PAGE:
“The frustrating thing is, if you have a new thing and it works straight away and – BAM! – you’re like,’Oh good, I’ve got a new thing!’. Then you do it again the next night and, nothing. And you think, ‘It can’t have died that quickly, surely?’. I think it’s because of that adrenaline behind doing it for the first time… You can’t quite generate that again. So, it needs tweaking and working. Then there’s stuff that you know is funny, but you’ve never ever got to work, and you keep just bashing away at it, and then eventually, you go ‘Oh, it’s an extra beat there, or it’s a raise of the eyebrow there’”.
Zoe Lyons – Pop-up Comic, The Assembly Rooms, until 25 Aug, 5.00pm.

Stephen K Amos
“If it’s something personal, I might think about an incident in my life and write a story about that, and then try and find the funnies within that story. I don’t force it, because if I do, it tends to be rubbish. If I don’t force it and let it happen organically – that works for me”.
Stephen K Amos Talk Show, Pleasance Courtyard, until 24 Aug, 5.10pm.
Stephen K Amos: Work In Progress, The Stand Comedy Club III & IV, until 24 Aug, 9.55pm.

Lee Kern
“I actually workshop a lot of ideas on Facebook. I write silly ideas and I throw stuff. A lot of people say, ‘You’re always on Facebook writing crap. Do you not have anything to do?’, but that’s my job. Whilst you’re at work, I’m dicking around, sitting around in my pants, writing nonsense and seeing what happens”.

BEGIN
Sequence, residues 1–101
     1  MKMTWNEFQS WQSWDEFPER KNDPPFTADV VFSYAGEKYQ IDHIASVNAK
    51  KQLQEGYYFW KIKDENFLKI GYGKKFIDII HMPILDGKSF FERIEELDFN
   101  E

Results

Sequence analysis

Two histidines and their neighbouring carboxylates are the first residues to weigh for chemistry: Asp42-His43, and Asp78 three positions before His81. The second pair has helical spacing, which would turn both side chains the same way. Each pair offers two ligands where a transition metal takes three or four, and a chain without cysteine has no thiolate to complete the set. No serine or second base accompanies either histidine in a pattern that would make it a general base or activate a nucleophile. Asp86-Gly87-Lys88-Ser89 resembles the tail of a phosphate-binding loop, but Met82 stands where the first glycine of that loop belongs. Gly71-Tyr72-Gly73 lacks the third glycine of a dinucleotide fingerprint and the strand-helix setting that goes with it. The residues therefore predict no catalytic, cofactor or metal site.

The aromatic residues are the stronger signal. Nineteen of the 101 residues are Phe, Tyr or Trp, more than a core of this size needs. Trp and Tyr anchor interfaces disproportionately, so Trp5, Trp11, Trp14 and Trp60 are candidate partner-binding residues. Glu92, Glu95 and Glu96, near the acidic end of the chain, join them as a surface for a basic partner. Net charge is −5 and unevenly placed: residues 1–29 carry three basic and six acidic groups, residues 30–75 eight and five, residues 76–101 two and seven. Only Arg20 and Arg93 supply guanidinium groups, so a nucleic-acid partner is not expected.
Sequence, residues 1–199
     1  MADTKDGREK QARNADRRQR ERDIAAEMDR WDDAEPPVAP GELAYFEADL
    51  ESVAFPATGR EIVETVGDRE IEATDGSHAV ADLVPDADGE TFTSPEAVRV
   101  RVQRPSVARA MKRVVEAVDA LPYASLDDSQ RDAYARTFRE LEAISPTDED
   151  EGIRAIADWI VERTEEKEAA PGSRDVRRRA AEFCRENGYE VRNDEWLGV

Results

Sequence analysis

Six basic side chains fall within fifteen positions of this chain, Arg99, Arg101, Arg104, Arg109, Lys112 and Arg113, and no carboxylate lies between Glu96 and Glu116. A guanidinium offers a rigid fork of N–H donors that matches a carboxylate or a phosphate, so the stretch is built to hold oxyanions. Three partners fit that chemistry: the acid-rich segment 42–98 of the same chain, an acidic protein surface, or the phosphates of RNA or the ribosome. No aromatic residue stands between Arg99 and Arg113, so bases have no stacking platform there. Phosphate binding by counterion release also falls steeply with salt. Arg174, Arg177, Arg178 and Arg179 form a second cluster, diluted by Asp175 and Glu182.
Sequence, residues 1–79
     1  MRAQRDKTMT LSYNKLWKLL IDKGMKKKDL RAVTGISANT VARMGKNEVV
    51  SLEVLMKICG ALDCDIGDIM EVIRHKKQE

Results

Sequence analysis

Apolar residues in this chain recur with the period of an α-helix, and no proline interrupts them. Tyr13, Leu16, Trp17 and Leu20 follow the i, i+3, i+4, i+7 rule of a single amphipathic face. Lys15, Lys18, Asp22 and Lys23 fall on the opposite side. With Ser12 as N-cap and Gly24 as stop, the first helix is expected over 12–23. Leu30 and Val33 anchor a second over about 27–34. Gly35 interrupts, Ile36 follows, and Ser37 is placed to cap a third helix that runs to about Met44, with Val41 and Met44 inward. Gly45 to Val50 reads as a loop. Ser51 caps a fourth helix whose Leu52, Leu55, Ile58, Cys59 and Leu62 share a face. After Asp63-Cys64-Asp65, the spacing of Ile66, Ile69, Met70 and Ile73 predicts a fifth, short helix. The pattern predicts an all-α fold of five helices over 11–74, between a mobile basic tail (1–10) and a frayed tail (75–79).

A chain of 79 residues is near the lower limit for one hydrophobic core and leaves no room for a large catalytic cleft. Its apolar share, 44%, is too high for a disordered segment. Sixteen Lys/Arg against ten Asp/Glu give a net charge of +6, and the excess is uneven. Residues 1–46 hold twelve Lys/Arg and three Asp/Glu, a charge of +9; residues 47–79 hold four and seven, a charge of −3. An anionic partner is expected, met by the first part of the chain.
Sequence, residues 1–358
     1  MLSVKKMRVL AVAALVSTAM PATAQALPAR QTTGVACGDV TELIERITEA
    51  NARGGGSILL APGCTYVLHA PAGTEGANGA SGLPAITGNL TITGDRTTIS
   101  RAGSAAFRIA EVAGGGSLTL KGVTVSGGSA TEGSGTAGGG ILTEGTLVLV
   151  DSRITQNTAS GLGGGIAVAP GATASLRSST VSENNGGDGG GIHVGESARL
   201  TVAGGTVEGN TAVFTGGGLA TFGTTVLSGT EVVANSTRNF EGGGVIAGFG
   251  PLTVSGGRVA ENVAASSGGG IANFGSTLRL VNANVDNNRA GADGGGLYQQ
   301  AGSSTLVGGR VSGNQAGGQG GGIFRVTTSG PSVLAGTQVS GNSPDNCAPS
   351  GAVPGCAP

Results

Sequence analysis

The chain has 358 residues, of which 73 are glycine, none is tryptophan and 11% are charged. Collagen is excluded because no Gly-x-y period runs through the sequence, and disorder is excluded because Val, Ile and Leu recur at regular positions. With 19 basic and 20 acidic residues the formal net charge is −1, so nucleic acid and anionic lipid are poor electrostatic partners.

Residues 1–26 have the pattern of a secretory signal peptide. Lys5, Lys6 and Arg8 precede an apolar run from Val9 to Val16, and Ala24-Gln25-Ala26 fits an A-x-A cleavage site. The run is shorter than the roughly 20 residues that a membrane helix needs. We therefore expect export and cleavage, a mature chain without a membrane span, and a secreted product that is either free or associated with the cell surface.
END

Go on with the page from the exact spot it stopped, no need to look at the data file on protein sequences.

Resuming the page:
Lee Kern: Bitter Twitter, Gilded Balloon Teviot, until 26 Aug, 8.15pm.

Marc Maron
“I write things down, but I don’t flesh things out on paper. I write things down in bullet points, ideas in poetic fragments, then try to expand on them. I don’t have a disciplined writing process and I’m not proud of it. I think I could be a better comic if I was more disciplined about writing things down and really thinking things through more. But there’s something about saying something that’s on paper, that I feel once removed from it. Even when I say something over and over again, I could get tired of it, but it’s still exactly the way I say it and not the way I wrote it. [I flesh things out] mostly on stage”.